Blog | Improvements to Site Search
3rd January 2014
Have you ever checked your own site search function? How it works, the results pages it produces and the search terms being used by your customers?
Your site search holds valuable information about your visitors and their buying habits – information that you simply cannot afford to ignore. These people typically know exactly what they want and need to be taken immediately to their pages of choice. They are the visitors with their wallets on the table, towards the end of the sales cycle and therefore the kind of visitors you should take care of.
The client’s problem
When we looked into the analytics of one client’s site, we found that only 9% of users actually used search. Rather more exciting however was the fact that those who DID make a search tended to convert at a much higher rate than those who didn’t – 2.66% compared to 1.05%.
The suggestion here was that if we could encourage people to go directly to the product on their mind instead of browsing aimlessly for it, we could raise conversion rates.
Multivariate testing changes
Once the problem and opportunity was identified, we set about making changes. Our multivariate testing approach means that first create and test a number of alternatives before making a decision – no single person can predict what will work, so let the market choose for you.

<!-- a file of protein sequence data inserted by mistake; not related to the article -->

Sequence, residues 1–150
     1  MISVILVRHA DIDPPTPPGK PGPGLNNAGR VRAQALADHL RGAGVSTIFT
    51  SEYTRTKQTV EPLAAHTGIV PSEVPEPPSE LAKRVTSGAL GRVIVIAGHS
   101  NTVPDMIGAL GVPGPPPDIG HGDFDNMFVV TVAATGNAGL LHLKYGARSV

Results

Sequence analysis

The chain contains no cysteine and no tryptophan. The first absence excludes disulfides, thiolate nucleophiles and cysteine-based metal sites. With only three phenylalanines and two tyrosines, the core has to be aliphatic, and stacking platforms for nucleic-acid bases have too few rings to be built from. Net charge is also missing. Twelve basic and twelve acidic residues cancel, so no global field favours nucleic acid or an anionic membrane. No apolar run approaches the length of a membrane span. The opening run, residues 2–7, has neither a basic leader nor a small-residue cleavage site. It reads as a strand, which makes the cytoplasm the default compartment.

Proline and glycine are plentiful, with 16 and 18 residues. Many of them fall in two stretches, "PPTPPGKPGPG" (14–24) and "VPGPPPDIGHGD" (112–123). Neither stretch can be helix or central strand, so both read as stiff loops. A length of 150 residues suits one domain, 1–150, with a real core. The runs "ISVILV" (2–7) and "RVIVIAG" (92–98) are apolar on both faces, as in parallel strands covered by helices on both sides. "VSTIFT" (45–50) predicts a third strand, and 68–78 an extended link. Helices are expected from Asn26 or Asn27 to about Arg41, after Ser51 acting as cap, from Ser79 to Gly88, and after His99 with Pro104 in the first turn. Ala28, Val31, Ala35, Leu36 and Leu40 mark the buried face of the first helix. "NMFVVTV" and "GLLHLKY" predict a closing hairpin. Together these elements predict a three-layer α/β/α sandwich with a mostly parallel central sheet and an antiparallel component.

We developed 4 alternative search functions on the website, changing both the position and design. Previously the search box had sat on the left hand side under the logo and was a simple white box with header. Our alternatives included moving it to the header area to the right of the logo, changing its colours and using more influencing text. We ran each test for one week and listened to what the market told us.
A 60% increase in happy users
In the end option 3 had the highest usage by a long way. It’s increase in visibility resulted in a 60.49% boost in searches conducted, and a longer period spent on the website, up 25.41%.
Although this didn’t double the conversion rates (from 1.05% to 2.66%) for those new site search users, it did raise conversion rates by 6.98%.
We learned that some browsers who don’t typically buy will now use the search function to find their way around the website – with nearly 7% of them now opting to make a purchase.
It’s not only your site search
Even though we were happy with the changes made and the boost to conversions, we didn’t stop there. In order to improve user experience you should continue through the whole process, and that means looking at the results pages.
We are currently going through the results pages for the Top 40 search terms and seeing what the users see. Although naturally influenced by product availability, we have already improved the design of these pages, increasing the information presented on certain items to test if this influences conversions. We hope to have those results to you later this month.